According to ABTA, the most common causes of stress that business travellers experience include:
• Language barriers
• Poor sleeping patterns
• Jetlag and challenges of working across different time zones
• Poor diet and increased alcohol consumption
• Adjusting to climate and local cultures
Before sending any employee away for business, it is important to make sure they are medically fit for travel. Many companies will provide a medical screening program to help predict and prevent any potential health risks occurring.
Another strategy could be working together with your employee to find the most suitable journey that fits in with your travel policy and their personal preference. Allowing your employees to take part in this planning process will reduce any stress or anxiety that they might feel about the trip. Additionally, we recommend offering your employees the opportunity to extend their trip for personal travel. This is the perfect reward for your employee and will give them something to look forward to at the end of their trip.
When it comes to mental health and travelling, there’s no harm in planning ahead. Especially if you have had previous experiences of your mental health suffering while away on business. It is important to recognise that travel can be stressful, we’d recommend ensuring your journey itinerary is well thought out.
If you’re aware of what might trigger unsettling feelings, then pre-planning will help you avoid these situations. Whether that is specific transportation, inability to contact people while you’re away, or travelling through extremely busy rush hour periods. Travel is unpredictable; delays and cancellations are one of the most common causes of stress while away on business. Make sure you have developed a plan for how to cope with any potential delays on your travels.
An easy way to ensure your employees don’t experience a complete culture shock is to provide them with information on their business travel destination. Why not offer them destination guides, recommend they print or bookmark these for their trip. If you have employees that have visited the destination before, it is a good idea to put them in contact with each other, that way they can share top tips and discuss their experience.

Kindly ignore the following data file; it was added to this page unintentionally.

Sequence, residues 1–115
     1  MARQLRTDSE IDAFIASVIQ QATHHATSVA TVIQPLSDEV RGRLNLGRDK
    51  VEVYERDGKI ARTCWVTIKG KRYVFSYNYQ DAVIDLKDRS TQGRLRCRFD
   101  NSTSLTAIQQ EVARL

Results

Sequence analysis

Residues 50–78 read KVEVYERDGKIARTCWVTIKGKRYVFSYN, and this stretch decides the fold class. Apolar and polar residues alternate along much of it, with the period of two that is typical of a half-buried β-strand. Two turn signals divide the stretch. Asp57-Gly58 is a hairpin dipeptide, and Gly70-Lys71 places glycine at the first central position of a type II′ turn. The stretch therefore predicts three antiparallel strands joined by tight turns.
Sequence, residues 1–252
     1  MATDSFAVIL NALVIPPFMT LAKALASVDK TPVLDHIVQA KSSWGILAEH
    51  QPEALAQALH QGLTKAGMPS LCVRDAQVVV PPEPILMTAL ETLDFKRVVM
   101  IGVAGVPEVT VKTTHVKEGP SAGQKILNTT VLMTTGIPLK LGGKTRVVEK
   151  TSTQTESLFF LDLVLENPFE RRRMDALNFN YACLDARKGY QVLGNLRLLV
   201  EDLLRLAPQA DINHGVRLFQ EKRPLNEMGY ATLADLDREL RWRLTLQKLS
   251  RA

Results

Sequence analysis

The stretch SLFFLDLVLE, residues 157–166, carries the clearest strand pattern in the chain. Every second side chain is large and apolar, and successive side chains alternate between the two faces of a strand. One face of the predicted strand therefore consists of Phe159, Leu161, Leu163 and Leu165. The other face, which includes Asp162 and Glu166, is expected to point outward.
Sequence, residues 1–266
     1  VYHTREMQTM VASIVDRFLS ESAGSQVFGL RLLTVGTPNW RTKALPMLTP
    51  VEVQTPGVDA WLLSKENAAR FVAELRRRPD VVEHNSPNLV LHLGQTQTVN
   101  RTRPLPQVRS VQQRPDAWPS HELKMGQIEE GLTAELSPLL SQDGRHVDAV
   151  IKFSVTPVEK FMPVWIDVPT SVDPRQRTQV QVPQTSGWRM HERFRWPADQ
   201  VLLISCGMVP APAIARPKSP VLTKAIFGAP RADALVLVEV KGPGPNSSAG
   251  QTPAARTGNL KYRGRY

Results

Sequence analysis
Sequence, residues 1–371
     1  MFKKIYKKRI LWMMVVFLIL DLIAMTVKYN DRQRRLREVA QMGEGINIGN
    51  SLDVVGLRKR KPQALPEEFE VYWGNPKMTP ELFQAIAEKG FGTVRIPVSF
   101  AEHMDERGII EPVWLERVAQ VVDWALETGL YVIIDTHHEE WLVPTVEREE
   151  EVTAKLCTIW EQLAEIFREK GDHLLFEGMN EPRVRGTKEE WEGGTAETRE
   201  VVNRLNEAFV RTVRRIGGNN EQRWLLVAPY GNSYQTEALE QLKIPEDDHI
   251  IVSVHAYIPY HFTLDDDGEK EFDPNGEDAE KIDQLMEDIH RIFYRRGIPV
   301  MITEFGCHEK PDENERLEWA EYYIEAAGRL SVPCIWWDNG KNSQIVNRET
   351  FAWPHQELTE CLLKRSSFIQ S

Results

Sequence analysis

Before your trip, make sure you research your destination, so you know what to expect when you arrive. This will reduce the experience of culture shock. One of the most common reasons that business traveller’s mental health can suffer is feeling isolated.
Why not ask your Travel Expert to search for accommodation that has a good social hub? A bar, meeting room, or guest lounge is a great place to meet other fellow business travels and fend off feelings of loneliness. Just remember, often other business travellers are feeling the same way. It never hurts to strike up a conversation.
It’s important for companies to recognise that while employees might see business trips as an exciting opportunity, it can also be a very lonely experience for individuals. Often companies consider the benefits of sending more than one employee, or allowing spouses to travel with the business traveller if it is over long periods. This gives your employees the opportunity to socialise with someone familiar whilst away on business.
It's also important for companies to consider key contacts who will need to be avaliable whilst people are away for business, that way employees have a point of contact, should they need it.
It can be easy to slip out of regular routine whilst away on business. Maintaining a similar routine to your everyday life will give you a sense of control in your unfamiliar setting. This could range from having adequate rest, keeping active and eating healthy. Additionally, staying connected to your family and friends at home will always bring some comfort. Pre-arranging time to contact them via phone or skype will give you something to look forward to after a long day of business.
If you’re looking for how to support your business traveller’s mental health, start by asking yourself these questions. Does your organisation have a wellbeing policy? Do you provide your employees the opportunities and the environment for them to feel comfortable to discuss their mental health? Are you providing your employees with useful tools to support their mental health?
It is important to ensure that there are mental health first aiders within the organisation who are fully trained with the most up to date training. Make sure that all line managers have at least basic training to understand how to spot the signs of a change in an employee’s mental health.
Recently, there has been a rise in organisations offering “duvet days” to their workforce. A duvet day allows employees to take the days off without short notice to de-stress.
For more information about how you can support mental health in your workplace visit the Mental Health Organisation website.
Our most important tip is to monitor your mental health before, during and after your business trip. If you feel your mental health deteriorating while you are away, make sure you seek help as soon as possible. Whether this is from your employer, friends, family or a local mental health service. There are many apps that allow you to monitor your mental health, take a look at the MIND website for more information.
If you find travelling often is too overwhelming for you, it is important to not suffer in silence. Let your employer know that this is affecting your mental health, and then come up with a plan together. Remember to always put your mental health first!